Apple has confirmed that it held talks with Samsung Electronics and MediaTek along with existing vendor Intel Corp to supply 5G modem chips for 2019 iPhone models. The discussion between these companies was revealed during testimony of Apple executive at the ongoing trial between Qualcomm Inc and the US Federal Trade Commission on Friday. Apple used a modem from Qualcomm exclusively on its iPhones between 2011 and 2016. However, starting in 2016, Apple decided to split the modem business between Qualcomm and Intel and last year, the iPhone maker went ahead with dropping Qualcomm altogether and using only Intel modems on three new iPhone models – the iPhone XR, iPhone XS, and iPhone XS Max.
During the testimony on Friday, Apple supply chain executive Tony Blevins confirmed that the company considered MediaTek and Samsung to supply the chips for next generation of wireless network, widely known as 5G. Qualcomm is undisputed leader in the 5G wireless communication and its modems are expected to power 5G smartphones from leading brands including Samsung, OnePlus and Xiaomi in 2019. The 5G mobile telephony is expected to enable gigabit throughput speeds on mobile with low latency and will aid in connected vehicles and home IoT solutions.
Apple parted ways with Qualcomm citing the San Diego-based semiconductor company is charging extensively for patent license and is dominating its position as the industry leader. Apple and its partners sued the company first and the FTC has also sued the company alleging that it engaged in anti competitive patent license practice to maintain its dominant position in the modem chip business.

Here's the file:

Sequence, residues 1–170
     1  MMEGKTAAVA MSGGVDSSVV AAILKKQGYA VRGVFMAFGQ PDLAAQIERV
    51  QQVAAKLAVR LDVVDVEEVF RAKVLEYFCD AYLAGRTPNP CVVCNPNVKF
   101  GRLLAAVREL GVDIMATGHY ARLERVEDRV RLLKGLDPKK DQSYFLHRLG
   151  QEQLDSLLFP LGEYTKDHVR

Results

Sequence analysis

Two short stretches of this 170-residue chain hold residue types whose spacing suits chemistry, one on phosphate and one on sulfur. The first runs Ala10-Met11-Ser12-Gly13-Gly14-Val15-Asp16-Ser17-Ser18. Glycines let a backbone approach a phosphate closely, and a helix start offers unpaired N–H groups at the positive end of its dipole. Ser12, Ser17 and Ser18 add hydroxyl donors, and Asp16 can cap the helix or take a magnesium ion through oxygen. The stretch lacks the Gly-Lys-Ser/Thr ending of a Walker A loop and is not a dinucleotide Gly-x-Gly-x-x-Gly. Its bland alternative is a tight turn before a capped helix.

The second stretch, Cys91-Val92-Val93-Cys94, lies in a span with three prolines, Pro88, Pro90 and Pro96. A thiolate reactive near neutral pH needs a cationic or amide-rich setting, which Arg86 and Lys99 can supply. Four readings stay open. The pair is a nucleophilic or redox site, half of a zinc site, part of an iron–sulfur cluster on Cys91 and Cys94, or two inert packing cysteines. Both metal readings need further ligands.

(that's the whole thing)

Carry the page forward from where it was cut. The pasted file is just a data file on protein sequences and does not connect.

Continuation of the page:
During the testimony, Blevins also confirmed that Apple sought for multiple suppliers but signed exclusive agreement with Qualcomm since it offered deep rebates on patent license costs in exchange for exclusivity. Apple broke off a deal with Intel in 2013 to supply modems for the iPad Mini 2 because it would lose rebates from Qualcomm. Later that year, Apple started its “Project Antique” to secure a second modem supplier, Blevins testified.
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Apple thus introduced Intel as second supplier in 2016 and 2017, and migrated fully to the chipmaker’s modems when it launched three new iPhones last year. “The entire concept of Project Antique was to find a second supplier. No offense to (Intel) but we don’t want to be single supplier with them. We wanted both Qualcomm and (Intel) in the mix,” Blevins said. According to Reuters, Blevins also confirmed that the company explored the idea of making Intel sole supplier of modems for the Apple Watch, which used Qualcomm chips to enable 4G connectivity in 2017.
He further revealed that talking with Samsung was “not an ideal environment” since it competes with Apple with its Galaxy and Note smartphones. Bloomberg has reported that Apple will miss out on the first 5G wave of devices and will instead launch its first 5G smartphone in 2020. Intel is expected to have its 5G modem ready by early 2020.